Many notables in Hollywood and beyond, including Oprah Winfrey, NFL Hall-of-Famer Deion Sanders, and journalist Van Jones, showed their support for Brian Banks via social media.



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Brian Banks’s Book What Set Me Free

Brian Banks What Set Me FreeOn July 2, 2019, Brian Banks released his memoir, What Set Me Free: A True Story of Wrongful Conviction, a Dream Deferred, and a Man Redeemed. “This powerful memoir is an unflinching portrait of the failings of America’s judicial system, a soul-stirring celebration of the resilience of the human spirit, and an inspiring call to hold fast to our dreams,” the book’s summary says.

What Set Me Free, which was published by Atria Books and co-written by Mark Dagostino, received positive reviews ahead of its official release date. One advance-copy review from Book Anon says, “Truly a remarkable book, and absolutely one anyone interested in the US criminal justice system in particular should read.” A review by a reader on Amazon says, “This book was mesmerizing, horrifying, and ultimately uplifting and exhilarating.” Another reader raved about the book, saying, “The events Brian Banks experienced would have crushed the average person’s soul. His strength and resiliency throughout are an amazing. and inspiring story. Some books you can finish and walk away from, but this story will stay with you for a while.”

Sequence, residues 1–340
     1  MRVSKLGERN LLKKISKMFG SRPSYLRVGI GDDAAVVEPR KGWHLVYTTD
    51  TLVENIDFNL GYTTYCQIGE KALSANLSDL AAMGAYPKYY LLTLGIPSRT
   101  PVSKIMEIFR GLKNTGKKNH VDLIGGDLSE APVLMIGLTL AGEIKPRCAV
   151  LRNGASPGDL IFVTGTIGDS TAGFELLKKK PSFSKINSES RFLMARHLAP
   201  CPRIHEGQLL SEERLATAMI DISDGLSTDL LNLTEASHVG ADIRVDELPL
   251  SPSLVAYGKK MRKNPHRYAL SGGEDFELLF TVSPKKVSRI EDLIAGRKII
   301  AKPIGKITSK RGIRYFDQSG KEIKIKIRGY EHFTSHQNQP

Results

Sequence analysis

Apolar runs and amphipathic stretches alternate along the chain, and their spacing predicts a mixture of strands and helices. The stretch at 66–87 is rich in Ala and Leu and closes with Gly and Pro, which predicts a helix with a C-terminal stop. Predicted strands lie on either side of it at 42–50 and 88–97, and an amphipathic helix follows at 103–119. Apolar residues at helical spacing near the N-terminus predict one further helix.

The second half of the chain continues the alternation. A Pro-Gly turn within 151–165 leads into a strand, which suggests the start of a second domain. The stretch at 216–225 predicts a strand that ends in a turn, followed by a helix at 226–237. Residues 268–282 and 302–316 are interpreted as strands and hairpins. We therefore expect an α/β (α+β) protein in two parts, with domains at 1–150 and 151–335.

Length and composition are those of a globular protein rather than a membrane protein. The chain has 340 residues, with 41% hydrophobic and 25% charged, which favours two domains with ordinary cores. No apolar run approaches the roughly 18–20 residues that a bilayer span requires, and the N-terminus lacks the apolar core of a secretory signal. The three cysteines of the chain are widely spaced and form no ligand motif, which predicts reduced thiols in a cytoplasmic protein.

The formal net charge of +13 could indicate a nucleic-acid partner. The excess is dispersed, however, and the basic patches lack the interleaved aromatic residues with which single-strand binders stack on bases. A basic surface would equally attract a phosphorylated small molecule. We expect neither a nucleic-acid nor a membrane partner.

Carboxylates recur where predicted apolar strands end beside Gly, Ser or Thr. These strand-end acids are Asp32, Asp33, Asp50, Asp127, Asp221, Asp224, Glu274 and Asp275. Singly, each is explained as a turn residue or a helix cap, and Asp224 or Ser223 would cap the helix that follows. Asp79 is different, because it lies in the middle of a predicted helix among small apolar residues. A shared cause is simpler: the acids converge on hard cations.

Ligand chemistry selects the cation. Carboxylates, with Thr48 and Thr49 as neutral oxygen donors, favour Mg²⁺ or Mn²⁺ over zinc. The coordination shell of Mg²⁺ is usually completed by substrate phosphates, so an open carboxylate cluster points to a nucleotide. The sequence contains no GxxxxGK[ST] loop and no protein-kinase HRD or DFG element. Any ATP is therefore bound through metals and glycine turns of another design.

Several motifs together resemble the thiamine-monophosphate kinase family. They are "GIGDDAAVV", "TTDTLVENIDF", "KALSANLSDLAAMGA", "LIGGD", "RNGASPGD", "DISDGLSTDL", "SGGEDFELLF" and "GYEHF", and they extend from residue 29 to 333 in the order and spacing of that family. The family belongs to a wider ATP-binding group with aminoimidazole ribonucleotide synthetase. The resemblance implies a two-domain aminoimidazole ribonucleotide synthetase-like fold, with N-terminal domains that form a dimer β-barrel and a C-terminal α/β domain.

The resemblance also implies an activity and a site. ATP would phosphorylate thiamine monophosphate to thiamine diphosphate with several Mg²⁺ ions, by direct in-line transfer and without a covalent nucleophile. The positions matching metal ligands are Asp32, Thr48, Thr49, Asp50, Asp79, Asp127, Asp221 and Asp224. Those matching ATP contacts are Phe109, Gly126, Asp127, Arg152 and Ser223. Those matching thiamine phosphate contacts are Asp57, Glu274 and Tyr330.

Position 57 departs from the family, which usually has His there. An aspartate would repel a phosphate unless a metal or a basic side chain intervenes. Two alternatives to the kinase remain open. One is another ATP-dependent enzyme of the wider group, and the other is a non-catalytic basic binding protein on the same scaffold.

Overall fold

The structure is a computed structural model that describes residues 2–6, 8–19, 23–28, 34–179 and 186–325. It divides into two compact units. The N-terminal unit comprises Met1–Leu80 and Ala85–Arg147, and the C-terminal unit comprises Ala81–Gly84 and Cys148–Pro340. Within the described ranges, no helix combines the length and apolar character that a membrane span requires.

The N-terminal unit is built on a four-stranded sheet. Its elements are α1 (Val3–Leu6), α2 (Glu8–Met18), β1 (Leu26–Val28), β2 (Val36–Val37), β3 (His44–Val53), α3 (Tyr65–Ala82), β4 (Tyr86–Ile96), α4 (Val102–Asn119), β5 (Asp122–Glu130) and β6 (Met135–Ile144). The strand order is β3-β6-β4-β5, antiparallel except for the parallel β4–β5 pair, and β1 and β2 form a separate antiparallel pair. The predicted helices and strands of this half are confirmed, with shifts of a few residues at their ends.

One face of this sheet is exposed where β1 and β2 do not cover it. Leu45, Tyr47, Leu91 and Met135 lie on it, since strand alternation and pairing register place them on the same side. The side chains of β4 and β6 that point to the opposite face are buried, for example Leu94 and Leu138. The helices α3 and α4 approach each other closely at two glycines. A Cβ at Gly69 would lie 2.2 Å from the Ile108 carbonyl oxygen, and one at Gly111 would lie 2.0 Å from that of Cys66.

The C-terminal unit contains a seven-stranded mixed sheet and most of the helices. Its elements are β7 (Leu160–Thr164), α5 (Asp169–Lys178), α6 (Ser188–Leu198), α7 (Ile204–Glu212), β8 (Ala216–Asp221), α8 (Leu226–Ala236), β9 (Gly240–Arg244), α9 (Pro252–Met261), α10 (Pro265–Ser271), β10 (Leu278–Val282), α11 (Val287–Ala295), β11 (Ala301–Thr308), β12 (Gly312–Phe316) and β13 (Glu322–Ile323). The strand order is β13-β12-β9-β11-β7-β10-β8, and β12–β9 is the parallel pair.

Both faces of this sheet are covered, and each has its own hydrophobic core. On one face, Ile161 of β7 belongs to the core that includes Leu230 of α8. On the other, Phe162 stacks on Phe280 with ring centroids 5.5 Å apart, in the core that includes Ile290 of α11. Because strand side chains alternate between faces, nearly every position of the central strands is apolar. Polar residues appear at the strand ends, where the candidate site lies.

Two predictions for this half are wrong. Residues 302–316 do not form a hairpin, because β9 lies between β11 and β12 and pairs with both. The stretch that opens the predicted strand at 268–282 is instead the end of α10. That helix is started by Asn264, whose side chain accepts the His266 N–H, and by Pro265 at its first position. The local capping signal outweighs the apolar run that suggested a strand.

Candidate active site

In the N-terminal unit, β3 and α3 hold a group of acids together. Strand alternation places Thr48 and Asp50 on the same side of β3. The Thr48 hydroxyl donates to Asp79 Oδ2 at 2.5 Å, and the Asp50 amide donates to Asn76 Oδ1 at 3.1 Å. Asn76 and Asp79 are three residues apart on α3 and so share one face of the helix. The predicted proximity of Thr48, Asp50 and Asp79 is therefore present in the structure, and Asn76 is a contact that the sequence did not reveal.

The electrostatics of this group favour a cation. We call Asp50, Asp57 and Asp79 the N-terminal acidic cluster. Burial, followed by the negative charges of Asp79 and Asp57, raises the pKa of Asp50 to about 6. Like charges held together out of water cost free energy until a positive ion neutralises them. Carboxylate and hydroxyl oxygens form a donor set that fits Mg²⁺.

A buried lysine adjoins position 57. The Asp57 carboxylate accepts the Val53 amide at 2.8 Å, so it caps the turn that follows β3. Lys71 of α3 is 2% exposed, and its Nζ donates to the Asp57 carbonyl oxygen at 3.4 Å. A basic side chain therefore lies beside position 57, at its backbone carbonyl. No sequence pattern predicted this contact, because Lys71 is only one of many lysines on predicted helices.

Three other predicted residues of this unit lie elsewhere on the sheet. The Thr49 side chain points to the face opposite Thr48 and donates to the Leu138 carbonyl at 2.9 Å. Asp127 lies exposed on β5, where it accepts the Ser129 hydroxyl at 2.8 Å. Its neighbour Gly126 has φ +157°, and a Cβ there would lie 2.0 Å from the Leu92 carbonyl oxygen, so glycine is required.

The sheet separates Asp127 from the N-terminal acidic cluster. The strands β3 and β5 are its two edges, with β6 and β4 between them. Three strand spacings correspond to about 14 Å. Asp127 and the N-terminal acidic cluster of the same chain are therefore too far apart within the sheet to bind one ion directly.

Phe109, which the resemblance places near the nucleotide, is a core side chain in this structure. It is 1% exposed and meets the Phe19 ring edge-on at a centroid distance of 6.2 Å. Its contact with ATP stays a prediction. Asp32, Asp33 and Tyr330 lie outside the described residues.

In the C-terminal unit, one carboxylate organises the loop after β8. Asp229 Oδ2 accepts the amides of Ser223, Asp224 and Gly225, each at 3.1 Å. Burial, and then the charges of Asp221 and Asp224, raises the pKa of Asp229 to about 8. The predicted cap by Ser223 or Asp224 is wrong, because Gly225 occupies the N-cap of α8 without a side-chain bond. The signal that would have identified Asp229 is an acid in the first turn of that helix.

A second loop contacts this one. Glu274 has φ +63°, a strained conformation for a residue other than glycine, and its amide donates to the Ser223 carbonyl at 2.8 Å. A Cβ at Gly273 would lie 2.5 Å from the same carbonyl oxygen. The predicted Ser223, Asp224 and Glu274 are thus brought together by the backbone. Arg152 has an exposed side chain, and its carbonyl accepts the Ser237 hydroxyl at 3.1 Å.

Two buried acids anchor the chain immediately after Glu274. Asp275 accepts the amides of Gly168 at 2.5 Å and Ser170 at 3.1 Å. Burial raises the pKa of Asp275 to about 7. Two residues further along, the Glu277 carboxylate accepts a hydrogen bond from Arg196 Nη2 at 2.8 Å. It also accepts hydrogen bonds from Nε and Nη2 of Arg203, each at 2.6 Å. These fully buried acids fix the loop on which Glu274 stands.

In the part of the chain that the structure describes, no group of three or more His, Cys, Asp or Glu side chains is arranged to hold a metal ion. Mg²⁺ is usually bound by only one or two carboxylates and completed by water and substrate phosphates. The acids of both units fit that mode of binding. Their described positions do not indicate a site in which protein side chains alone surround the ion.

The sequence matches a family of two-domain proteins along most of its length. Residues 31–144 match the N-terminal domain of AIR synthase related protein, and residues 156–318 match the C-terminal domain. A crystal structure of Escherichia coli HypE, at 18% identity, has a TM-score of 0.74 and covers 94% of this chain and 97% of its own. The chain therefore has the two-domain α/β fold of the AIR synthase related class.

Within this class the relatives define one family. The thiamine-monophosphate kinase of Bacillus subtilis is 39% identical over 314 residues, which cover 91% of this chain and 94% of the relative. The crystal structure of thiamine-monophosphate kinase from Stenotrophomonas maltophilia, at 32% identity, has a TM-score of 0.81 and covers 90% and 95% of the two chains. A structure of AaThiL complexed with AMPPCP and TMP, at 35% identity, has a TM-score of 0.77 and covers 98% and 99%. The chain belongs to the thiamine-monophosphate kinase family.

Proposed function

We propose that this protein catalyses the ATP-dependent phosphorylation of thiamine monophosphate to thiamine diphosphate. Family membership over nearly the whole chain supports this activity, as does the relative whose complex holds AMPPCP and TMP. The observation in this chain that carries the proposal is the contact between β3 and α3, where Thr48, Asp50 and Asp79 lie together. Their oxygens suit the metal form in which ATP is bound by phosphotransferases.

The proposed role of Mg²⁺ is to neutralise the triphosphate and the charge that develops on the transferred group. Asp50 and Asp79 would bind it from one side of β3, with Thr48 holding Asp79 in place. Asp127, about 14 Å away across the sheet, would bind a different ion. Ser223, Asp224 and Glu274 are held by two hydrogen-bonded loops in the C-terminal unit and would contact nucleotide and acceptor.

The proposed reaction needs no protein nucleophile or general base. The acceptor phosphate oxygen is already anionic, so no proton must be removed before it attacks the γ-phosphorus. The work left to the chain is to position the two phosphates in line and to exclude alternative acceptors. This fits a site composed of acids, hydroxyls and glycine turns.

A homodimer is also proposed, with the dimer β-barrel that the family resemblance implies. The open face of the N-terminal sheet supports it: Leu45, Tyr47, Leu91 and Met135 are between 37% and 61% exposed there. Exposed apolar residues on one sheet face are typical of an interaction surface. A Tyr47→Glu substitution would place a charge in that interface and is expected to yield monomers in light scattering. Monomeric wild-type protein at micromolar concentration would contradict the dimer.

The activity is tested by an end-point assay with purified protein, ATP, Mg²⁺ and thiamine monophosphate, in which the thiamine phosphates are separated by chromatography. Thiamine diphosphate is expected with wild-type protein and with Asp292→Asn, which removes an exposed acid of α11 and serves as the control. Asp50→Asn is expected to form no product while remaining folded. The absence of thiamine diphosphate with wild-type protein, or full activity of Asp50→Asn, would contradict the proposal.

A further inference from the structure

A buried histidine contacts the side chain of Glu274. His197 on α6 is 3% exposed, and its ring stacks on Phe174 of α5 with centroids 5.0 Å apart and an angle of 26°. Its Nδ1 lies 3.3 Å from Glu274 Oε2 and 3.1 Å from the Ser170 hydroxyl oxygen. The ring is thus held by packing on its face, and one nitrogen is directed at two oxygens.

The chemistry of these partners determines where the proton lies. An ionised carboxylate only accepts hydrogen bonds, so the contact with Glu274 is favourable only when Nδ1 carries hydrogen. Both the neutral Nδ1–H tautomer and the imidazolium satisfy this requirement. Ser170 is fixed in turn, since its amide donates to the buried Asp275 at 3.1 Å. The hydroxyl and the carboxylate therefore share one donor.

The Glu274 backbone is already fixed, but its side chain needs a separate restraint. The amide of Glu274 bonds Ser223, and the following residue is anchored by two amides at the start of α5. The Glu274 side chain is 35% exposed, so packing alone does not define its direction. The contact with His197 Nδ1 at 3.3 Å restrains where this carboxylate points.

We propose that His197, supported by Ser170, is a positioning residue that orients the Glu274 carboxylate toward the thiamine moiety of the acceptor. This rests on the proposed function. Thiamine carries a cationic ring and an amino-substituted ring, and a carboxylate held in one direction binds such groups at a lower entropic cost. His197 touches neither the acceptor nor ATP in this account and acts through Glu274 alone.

Read more about What Set Me Free here and purchase your copy on Amazon and Audible.

Brian Banks Continues to Speak Out

“No man or woman should be in prison for a crime they didn’t commit,” Brian Banks said in a video recorded by the California Innocence Project shortly after his exoneration in 2012. Since then, Banks has advocated for innocence work by bravely sharing his story of wrongful conviction. He regularly speaks about his experience at events to raise awareness and inspire others.

In July of 2019, ComplexCon Chicago hosted Brian Banks and Justice Reform: The Conversation. During the panel discussion, which was moderated by Pierce Simpson, activists Johnetta “Netta” Elzie, DeRay Mckesson, and Brian Banks talked about criminal justice reform, issues with the plea bargain system, and more.

“What I want people to take away from this,” Banks told the Associated Press, “is that what I went through was unacceptable, what many others have gone through is unacceptable.” In an interview with Inside Edition, Banks again emphasized the importance of the film’s message, saying, “I feel that this is a message for people that we can no longer allow innocent people to sit in cages like animals for things that they didn’t do.”

“[I am] continuously advocating for victims of wrongful convictions, people who have […] had to deal with this flawed judicial system,” Banks said in an interview at the San Diego premiere of Brian Banks. “We can’t keep sweeping these types of stories under the rug. We have to make people informed about the flaws within our system in hopes of correcting them.”

If you are interested in booking Brian for a speaking engagement, send an email to